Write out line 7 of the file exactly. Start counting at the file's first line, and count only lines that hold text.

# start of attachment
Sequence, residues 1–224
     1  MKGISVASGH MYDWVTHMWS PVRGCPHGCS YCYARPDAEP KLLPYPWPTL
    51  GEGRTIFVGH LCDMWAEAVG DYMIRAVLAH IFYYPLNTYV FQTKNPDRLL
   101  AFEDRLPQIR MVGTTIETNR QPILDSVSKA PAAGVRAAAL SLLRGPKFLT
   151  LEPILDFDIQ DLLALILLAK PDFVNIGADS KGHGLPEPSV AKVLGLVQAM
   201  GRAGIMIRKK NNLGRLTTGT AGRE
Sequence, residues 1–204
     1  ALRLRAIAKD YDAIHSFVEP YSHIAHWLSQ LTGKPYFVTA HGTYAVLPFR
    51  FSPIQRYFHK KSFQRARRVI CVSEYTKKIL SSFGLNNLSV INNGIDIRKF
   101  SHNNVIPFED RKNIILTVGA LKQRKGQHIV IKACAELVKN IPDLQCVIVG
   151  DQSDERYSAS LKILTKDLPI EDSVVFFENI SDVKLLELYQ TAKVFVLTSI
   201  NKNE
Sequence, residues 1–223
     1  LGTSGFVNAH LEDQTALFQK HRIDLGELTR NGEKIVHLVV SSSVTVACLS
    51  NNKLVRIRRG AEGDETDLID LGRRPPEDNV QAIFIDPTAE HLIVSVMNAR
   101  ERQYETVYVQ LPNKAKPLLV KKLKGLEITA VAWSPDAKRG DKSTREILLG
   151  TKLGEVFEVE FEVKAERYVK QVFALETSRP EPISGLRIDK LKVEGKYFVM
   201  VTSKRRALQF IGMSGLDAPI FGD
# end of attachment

Sequence, residues 1–204